The square root of 2 is irrational
The square root of 2 is irrational is the claim in number theory that there is no rational number that when multiplied by itself equals the number 2.
One proof by reductio ad absurdum consists of first assuming that the square root of 2 can be written as a rational number. Thus, there is a pair of coprime integers [math]\displaystyle{ p }[/math] and [math]\displaystyle{ q }[/math] such that their ratio [math]\displaystyle{ \frac{p}q = \sqrt 2 }[/math] (Every rational number has an irreducible representation). And so, [math]\displaystyle{ \frac{p^2}{q^2} = 2 }[/math], and [math]\displaystyle{ p^2=2q^2 }[/math]. As [math]\displaystyle{ p^2 }[/math] has a factor of [math]\displaystyle{ 2 }[/math], it is even, and thus [math]\displaystyle{ p }[/math] is also even. Thus [math]\displaystyle{ p }[/math] can be written as [math]\displaystyle{ 2k }[/math], where [math]\displaystyle{ k }[/math] is an integer. It then follows that [math]\displaystyle{ (2k)^2=2q^2 }[/math], [math]\displaystyle{ 4k^2=2q^2 }[/math], [math]\displaystyle{ 2k^2=q^2 }[/math], and thus [math]\displaystyle{ q^2 }[/math] also has a factor of [math]\displaystyle{ 2 }[/math], and thus [math]\displaystyle{ q }[/math] is also even. If [math]\displaystyle{ p }[/math] and [math]\displaystyle{ q }[/math] are both even, then they share a common factor of [math]\displaystyle{ 2 }[/math], and thus are not coprime, leading to a contradiction as we have already established that [math]\displaystyle{ p }[/math] and [math]\displaystyle{ q }[/math] are coprime. And so, no such [math]\displaystyle{ p,q }[/math] can exist, and the square root of 2 is irrational.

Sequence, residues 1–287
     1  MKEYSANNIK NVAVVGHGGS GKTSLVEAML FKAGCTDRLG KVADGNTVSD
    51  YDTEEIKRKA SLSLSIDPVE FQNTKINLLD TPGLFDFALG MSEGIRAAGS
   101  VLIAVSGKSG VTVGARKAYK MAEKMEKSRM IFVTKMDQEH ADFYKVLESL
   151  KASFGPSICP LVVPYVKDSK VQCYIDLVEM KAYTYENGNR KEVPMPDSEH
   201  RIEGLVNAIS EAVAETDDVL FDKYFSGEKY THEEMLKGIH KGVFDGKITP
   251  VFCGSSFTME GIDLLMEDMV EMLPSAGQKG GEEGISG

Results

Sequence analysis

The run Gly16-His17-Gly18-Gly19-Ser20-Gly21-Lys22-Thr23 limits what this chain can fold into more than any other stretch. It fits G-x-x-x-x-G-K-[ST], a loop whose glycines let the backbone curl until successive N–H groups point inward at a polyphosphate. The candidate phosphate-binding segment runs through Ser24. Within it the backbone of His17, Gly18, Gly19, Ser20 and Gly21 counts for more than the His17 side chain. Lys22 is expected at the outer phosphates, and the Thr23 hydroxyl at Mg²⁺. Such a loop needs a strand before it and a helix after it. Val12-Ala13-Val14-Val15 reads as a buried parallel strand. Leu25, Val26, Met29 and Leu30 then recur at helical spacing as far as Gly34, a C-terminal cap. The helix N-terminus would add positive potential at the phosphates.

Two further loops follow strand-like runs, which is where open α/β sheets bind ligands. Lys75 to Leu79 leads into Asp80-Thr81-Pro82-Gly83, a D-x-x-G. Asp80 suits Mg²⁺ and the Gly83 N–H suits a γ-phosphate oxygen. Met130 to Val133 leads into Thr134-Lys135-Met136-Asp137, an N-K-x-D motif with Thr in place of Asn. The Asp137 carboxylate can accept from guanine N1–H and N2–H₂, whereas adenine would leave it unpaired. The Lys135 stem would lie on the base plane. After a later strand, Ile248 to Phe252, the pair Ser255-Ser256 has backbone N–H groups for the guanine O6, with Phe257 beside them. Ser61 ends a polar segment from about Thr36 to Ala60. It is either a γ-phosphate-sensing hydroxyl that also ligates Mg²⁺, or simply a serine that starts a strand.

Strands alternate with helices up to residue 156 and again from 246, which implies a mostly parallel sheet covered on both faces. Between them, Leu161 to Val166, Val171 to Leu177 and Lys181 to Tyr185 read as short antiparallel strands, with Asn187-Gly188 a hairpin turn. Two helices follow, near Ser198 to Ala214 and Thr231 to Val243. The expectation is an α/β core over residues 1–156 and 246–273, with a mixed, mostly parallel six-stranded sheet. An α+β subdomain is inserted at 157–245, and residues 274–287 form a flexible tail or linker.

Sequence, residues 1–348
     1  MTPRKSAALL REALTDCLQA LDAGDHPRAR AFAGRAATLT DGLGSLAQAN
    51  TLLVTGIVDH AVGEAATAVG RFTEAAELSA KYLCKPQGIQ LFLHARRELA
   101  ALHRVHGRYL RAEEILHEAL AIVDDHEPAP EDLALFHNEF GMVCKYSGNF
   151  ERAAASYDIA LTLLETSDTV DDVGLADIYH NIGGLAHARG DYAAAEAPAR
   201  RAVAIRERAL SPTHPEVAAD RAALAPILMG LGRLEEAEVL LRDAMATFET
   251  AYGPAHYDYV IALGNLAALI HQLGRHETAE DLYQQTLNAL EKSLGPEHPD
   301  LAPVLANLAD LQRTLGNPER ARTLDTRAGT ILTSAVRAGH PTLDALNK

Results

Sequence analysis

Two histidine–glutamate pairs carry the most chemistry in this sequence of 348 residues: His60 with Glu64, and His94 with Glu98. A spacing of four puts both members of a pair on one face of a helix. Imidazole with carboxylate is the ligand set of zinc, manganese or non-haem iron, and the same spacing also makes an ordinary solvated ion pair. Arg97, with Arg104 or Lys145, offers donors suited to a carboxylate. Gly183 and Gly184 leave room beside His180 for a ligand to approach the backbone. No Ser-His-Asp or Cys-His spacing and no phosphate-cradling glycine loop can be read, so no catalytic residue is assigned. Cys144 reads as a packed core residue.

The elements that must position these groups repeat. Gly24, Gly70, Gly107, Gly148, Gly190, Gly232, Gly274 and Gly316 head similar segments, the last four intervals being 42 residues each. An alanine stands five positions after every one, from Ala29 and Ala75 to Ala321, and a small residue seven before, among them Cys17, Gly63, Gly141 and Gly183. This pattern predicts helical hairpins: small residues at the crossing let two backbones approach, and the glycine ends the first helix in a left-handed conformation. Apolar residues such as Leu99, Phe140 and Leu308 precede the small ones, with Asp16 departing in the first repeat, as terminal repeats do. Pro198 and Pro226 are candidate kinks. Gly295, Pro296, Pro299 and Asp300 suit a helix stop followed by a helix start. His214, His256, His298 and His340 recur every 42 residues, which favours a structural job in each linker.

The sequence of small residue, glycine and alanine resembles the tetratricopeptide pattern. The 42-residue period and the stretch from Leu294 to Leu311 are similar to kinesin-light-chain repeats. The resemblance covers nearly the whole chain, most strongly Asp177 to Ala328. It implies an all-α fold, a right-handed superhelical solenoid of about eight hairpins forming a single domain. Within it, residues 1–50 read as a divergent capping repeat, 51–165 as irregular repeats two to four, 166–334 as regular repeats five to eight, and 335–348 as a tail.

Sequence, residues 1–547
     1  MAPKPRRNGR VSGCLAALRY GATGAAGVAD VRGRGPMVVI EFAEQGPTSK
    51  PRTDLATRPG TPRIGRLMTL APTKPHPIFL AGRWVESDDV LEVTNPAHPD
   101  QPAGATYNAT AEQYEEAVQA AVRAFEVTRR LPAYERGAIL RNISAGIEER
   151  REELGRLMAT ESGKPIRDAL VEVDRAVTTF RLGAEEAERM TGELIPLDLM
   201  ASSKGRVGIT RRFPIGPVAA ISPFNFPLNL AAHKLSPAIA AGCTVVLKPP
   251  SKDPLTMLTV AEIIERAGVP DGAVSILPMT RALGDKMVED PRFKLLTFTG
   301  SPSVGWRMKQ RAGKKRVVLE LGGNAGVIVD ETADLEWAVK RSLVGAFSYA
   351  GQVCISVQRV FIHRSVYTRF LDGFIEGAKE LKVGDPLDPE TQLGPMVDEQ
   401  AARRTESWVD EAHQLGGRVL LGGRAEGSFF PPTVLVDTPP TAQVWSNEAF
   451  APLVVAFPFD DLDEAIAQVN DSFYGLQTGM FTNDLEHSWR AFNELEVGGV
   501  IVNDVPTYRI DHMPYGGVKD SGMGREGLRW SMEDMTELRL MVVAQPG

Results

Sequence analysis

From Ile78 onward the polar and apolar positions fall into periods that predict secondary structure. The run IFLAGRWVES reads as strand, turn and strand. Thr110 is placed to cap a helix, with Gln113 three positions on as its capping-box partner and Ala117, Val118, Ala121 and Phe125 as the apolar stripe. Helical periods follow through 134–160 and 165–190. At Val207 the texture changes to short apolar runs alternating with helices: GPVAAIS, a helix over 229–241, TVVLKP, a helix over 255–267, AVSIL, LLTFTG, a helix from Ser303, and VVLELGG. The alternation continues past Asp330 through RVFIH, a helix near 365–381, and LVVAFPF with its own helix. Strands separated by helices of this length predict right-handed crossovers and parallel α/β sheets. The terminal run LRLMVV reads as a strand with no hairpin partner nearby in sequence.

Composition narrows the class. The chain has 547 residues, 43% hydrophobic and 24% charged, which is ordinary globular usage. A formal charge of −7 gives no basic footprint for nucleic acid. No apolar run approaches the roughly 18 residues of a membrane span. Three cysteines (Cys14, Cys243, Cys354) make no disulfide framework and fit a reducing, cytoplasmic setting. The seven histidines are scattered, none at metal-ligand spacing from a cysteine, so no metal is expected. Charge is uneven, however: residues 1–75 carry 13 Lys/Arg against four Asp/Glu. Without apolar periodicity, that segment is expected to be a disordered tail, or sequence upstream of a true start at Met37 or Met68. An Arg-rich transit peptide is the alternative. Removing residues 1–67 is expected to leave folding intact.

Statement of the claim  The square root of 2 is irrational 
Level of certainty  Proven 
Nature  Theoretical 
Counterclaim  
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